16 December 2007

Now What?

So, I think I need a hobby. After all that time I spent complaining about how busy I was and suffering nervous breakdowns because I didn't know how I would get everything done before the end of the semester, it turns out that I actually need school in my life. I have been done with finals since Thursday, and I feel like I don't know what to do with myself. I've hung out with friends. I've started reading a couple of books. I've gone Christmas shopping. But I just feel like that isn't enough, like I need to be doing something else...or something.

Perhaps I just got too out of the habit of having nothing to do. I mean, it's been a long time since the carefree summer days filled with nothingness that I grew used to in junior high. Back then, none of my friends had anything to do either. So, we did nothing together, which is much better than doing nothing by yourself. A few months from now, I'll be done with school, have a full time job like everyone else I know, and I'll probably never be bored again. But until then I need to find a way to pass the time...until next semester begins.

So, hobbies. I could get back into baking. Or start exercising again. Maybe I could play around with all the art supplies I had to buy this semester (I am, after all, convinced that there is an artist inside me that is dying to come out). I just need to find something to keep me entertained until my last semester begins because, really, I just don't know how to relax anymore.

11 December 2007

Signs of Aging

I think I'm getting old. I remember the good ol' days, not even two years ago when I could handle finals week like a champ. I studied hard, had no fun, and kicked finals butt. I remember one year in particular where I got about 6 hours of sleep from Sunday to Tuesday. (Cake for some people; really, really hard for me.)

And now, my body just can't do it anymore. I have had at least five hours of sleep a night, since the week began, and I am struggling big time. For instance, at this moment, my eyelids actually feel sore from being forced to stay open. And the really sad thing is that I actually had time to take a 3 hour nap today. I've become such a wimp. What happened to handling all nighters? What happened to OD-ing on caffeine and 9:00 PM coffee runs so that everything would get done?

All I know, besides the fact that this entry is completely incoherent, is that, at 23 years-old, I am showing signs of aging. And that can't be good.

(At least I only have 1 final project left before the end of a very demanding semester. Woohoo.)

08 December 2007

Snowed In

So, the weather man tells me that I can expect up to five more inches of snow in addition to the several inches that have already fallen. Any other winter except for this one, I would be very depressed to hear such a prediction. I've spent many years of my life absolutely loathing snow. Sure, it's pretty when it covers the mountains. It's always welcome on Christmas. And it's fun to ski in. Up to this point in my life, these have been the only exceptions.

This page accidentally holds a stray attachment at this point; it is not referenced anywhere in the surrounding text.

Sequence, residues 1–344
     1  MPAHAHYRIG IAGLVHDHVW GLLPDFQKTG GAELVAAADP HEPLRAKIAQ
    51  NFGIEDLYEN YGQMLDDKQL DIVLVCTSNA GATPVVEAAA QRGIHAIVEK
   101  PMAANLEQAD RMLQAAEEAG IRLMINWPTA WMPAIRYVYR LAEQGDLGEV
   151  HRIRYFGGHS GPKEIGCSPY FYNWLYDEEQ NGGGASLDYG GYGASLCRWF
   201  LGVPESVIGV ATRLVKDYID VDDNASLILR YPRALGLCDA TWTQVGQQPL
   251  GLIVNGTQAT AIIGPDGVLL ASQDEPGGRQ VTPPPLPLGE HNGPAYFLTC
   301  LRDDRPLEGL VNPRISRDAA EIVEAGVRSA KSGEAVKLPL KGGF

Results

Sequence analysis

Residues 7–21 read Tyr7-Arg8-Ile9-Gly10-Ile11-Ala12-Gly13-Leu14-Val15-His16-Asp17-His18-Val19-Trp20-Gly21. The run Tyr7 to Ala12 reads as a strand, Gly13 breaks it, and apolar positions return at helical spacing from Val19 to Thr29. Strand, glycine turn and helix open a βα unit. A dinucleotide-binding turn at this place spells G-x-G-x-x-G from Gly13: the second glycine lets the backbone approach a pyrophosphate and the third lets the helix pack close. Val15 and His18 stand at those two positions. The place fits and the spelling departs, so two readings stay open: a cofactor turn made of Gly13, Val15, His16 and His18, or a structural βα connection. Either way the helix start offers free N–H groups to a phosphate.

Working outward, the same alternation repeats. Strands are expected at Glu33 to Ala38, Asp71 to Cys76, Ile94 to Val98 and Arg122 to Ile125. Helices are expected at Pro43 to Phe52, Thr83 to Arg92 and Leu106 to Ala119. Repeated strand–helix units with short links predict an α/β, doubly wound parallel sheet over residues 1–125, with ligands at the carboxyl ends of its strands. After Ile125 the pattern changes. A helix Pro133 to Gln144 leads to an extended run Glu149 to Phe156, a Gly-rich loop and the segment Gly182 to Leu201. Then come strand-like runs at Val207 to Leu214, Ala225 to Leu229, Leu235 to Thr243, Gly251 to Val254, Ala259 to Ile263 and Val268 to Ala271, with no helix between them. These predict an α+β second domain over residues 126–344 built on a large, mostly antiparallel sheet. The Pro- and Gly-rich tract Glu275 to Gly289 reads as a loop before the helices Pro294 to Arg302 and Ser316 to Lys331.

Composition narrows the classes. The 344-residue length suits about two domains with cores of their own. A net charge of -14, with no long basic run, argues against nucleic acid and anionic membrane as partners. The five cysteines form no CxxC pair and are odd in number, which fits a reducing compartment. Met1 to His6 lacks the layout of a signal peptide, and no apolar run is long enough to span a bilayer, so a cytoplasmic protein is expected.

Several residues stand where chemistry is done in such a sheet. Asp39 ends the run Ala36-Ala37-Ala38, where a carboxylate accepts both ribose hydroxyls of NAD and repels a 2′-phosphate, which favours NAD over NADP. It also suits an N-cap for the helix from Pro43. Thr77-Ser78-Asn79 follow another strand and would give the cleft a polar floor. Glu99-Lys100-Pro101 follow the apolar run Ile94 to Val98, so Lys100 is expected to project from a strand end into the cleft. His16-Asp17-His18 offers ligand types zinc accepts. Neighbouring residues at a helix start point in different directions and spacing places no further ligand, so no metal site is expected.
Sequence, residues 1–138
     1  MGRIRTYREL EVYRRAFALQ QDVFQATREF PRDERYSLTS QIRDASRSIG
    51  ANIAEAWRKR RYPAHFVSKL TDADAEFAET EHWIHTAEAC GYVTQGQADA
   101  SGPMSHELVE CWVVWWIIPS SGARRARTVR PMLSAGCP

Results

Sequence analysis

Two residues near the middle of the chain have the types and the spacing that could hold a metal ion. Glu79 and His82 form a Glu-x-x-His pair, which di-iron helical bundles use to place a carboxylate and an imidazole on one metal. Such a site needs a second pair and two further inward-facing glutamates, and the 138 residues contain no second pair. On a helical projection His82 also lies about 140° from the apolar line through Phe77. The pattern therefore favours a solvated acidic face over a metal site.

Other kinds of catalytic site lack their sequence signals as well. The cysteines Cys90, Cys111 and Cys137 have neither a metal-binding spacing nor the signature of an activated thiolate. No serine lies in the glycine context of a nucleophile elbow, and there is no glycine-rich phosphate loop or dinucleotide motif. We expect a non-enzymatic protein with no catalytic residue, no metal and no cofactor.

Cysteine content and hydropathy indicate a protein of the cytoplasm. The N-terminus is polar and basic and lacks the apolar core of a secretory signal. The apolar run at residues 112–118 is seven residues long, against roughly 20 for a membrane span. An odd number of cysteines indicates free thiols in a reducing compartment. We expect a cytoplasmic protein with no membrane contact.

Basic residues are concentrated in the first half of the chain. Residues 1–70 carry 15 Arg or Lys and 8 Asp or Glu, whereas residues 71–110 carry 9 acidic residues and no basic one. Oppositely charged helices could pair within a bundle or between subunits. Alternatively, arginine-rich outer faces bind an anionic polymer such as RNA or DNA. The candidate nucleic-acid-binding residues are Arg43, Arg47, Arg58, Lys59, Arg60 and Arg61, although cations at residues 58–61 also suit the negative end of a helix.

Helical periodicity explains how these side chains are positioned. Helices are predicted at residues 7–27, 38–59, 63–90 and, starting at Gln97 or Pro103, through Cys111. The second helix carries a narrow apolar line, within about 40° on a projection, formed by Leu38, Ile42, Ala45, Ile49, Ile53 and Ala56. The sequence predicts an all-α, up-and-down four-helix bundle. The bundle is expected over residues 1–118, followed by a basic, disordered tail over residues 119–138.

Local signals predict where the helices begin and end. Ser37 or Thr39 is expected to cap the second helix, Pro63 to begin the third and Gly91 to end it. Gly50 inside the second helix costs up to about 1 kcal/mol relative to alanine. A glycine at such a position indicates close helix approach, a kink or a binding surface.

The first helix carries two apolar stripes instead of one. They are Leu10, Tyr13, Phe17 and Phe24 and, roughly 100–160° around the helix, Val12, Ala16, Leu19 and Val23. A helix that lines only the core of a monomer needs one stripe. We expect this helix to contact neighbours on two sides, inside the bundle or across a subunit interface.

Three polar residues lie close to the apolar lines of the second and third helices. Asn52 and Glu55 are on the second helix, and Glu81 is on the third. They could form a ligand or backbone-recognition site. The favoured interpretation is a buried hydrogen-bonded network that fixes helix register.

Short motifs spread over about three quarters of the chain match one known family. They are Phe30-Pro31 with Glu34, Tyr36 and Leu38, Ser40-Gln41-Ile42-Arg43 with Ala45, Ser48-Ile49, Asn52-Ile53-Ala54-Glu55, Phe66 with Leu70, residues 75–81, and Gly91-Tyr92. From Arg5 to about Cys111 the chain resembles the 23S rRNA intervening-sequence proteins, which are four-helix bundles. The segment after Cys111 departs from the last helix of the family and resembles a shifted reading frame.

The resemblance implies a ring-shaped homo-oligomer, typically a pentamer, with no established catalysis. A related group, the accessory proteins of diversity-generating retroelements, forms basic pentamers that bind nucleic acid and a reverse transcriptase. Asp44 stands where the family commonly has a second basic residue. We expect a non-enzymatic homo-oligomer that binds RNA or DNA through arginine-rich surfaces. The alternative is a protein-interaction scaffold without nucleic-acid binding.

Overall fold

This year I find myself actually craving snow. Much of this has to do with my fear that global warming will shrivel up our cool little planet into nothingness. But there is something else leading to this attitude shift, too.

Stepping outside tonight to watch the snow fall on to my parents lawn, I noticed how quiet everything was. It was almost as if time had stopped and nothing existed beyond that moment. Everything was so peaceful and still. Not too mention that when I looked up into the sky to watch the snow fall down around me, I felt like I was stepping outside of myself and away from the complexities of life around me.

I remember on one of my favorite TV shows, Everwood, the narrator talked about the magic of snow (although I'm sure he didn't use those words). He talked eloquently (much more than I could ever do) about how snow has the power to cover up even the biggest messes to make everything seem calm once again. What a way to look at snow.

I've said it before: It's been a hell of a year. And just when I thought it was going to end on an up note, everything crashed down around me once again. In order to maintain my own sanity, I will take any opportunity I can to revel in stillness and serenity. I may be spending a lot of time in the snow this winter because, for right now, I want to believe that snow has the power to heal the soul.

15 November 2007

Dance, Dance

I walk timidly across the hardwood floor toward the middle of a dimly lit room. I have no idea what to expect from what I am about to embark upon. There are several people around me. Some are friends; others are strangers.

The muscles in my back become tense as a drum beat begins to fill the room. I stretch upward, reaching for the ceiling. My right foot takes a step; the left follows. Before I know it I am caught in an internal struggle: Do I let my mind take charge of the situation, analyzing every action? Or do I release control and give in to the beat, acting on what I feel?